The sky is exceptionally clear recently. Stargazing is my hobbit, but “family gazing” is more important. The compromise is home observation! Last night I shoot the Saturn. Early this morning I shoot the Moon & the Saturn. Since I am not familiar with Registax, I can only post the single shot here. I need to squeeze time to learn the Registax.
Shortly after the launch of LS35T, people found that it was not webcam focusable. It was basically the optical tube or the focuser tube was too long. Lunt didn’t give resolution for the first batch of LS35T, but will rectify the upcoming LS35T. Since the modification is very simple, either make a shorter optical tube or a shorter focus tube will make it works. Maybe this is a cheap solution that to let the local dealer to make the modification rather than ship back all the scopes and modify those scopes by Lunt.
The reason I bought the first batch of LS35T was that it was not simply a deluxe package, LS35THaDX. The lens of the first batch of LS35T was made by Carl Zeiss. I was told due to the mass production problem; Carl Zeiss could not meet the Lunt’s specification with a reasonable low cost. So the upcoming LS35T will not use Carl Zeiss lens anymore. In addition, the blocking filter of this special batch was B600 instead of B400. So I treat this special Carl Zeiss batch or prototype as a collection.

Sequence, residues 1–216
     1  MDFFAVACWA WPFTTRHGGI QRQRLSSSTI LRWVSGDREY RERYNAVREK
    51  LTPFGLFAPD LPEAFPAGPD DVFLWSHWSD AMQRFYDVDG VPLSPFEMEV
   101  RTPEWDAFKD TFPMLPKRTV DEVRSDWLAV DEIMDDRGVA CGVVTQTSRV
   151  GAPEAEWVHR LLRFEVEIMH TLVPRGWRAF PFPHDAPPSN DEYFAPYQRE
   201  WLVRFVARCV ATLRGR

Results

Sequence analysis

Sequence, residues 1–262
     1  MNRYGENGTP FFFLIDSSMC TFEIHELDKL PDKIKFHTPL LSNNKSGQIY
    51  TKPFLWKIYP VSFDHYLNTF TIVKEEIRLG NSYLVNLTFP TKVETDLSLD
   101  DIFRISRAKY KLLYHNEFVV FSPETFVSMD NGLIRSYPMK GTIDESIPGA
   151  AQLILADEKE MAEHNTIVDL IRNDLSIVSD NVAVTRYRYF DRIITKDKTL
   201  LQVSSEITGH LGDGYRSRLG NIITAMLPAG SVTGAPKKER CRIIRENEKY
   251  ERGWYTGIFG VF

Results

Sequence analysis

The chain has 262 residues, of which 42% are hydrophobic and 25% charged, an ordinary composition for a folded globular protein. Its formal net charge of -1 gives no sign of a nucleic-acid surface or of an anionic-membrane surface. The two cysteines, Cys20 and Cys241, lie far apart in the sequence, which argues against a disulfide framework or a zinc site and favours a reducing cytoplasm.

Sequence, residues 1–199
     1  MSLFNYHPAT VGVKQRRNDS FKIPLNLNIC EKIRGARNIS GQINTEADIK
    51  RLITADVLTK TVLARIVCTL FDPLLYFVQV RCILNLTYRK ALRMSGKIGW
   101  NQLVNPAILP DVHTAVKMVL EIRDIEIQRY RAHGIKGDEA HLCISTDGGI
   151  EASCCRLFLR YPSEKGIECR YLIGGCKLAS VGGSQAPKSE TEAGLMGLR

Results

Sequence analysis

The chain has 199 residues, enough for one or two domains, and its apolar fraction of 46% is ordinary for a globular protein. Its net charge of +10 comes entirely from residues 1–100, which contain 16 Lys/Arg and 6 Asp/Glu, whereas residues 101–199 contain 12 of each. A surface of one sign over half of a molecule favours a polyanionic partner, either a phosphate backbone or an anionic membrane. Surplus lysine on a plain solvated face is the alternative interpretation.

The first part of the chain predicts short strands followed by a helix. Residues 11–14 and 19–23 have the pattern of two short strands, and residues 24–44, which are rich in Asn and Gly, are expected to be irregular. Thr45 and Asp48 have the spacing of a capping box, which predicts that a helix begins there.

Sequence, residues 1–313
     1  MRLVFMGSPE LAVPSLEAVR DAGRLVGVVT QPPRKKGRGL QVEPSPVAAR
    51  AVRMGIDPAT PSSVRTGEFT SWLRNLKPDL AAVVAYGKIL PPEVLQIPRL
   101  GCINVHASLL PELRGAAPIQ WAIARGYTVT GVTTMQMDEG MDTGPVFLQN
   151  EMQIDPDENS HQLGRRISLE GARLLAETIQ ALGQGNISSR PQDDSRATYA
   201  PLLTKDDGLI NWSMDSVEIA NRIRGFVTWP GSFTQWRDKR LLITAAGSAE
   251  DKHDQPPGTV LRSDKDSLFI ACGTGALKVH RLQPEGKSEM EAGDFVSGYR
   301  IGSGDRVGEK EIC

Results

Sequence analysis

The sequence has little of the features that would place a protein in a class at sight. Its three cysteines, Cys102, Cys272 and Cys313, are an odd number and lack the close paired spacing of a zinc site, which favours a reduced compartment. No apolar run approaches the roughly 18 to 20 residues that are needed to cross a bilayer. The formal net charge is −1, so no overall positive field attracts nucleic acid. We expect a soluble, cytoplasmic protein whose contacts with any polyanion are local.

Well about the performance, today we got a beautiful sunny day, I tested the LS35T. Recently the sun is very claim. I was very lucky that I saw two sunspots and one prominence. The locations of the two sunspots were around 4:00 to 5:00 and the location of the prominence was around 12:00. I could see the details of the sun disc. Since I don’t have PST experience, I can only compare the LS35T with LS100T and LS100F. It is not a serious comparison because I only have limited experience of LS100T and LS100F. At the moment, I am not able to produce any photos because I am too green in astrophotography. Getting the sun in focus in daytime is another challenge. Anyway, the image produced by LS35T is bright. Although the 35mm aperture is small, the solar disc is bright and uniform. I was told by a Solarmax user that Lunt’s image is very uniform and no observable ghost image is found. Don’t expect you can see the filaments at once unless you are using larger aperture or double-stack systems. You need to stare at the solar disc and inspect it carefully. However, once you get use to it, it is obvious! The details of solar disc can be improved by fine tuning the Etalon. This is what I have done today. I will try my best to take some photos soon!
As it is a low end product, it cannot be compared with my friend's LS100THaDS. However, I am sure you will not regret to buy one! It is affordable and handy. But the bad news is that the local dealer only got four special Carl Zeiss version LS35T. He will ship one to China and keep one for himself. The other two were bought by another stargazer and me yesterday. So all the scopes gone!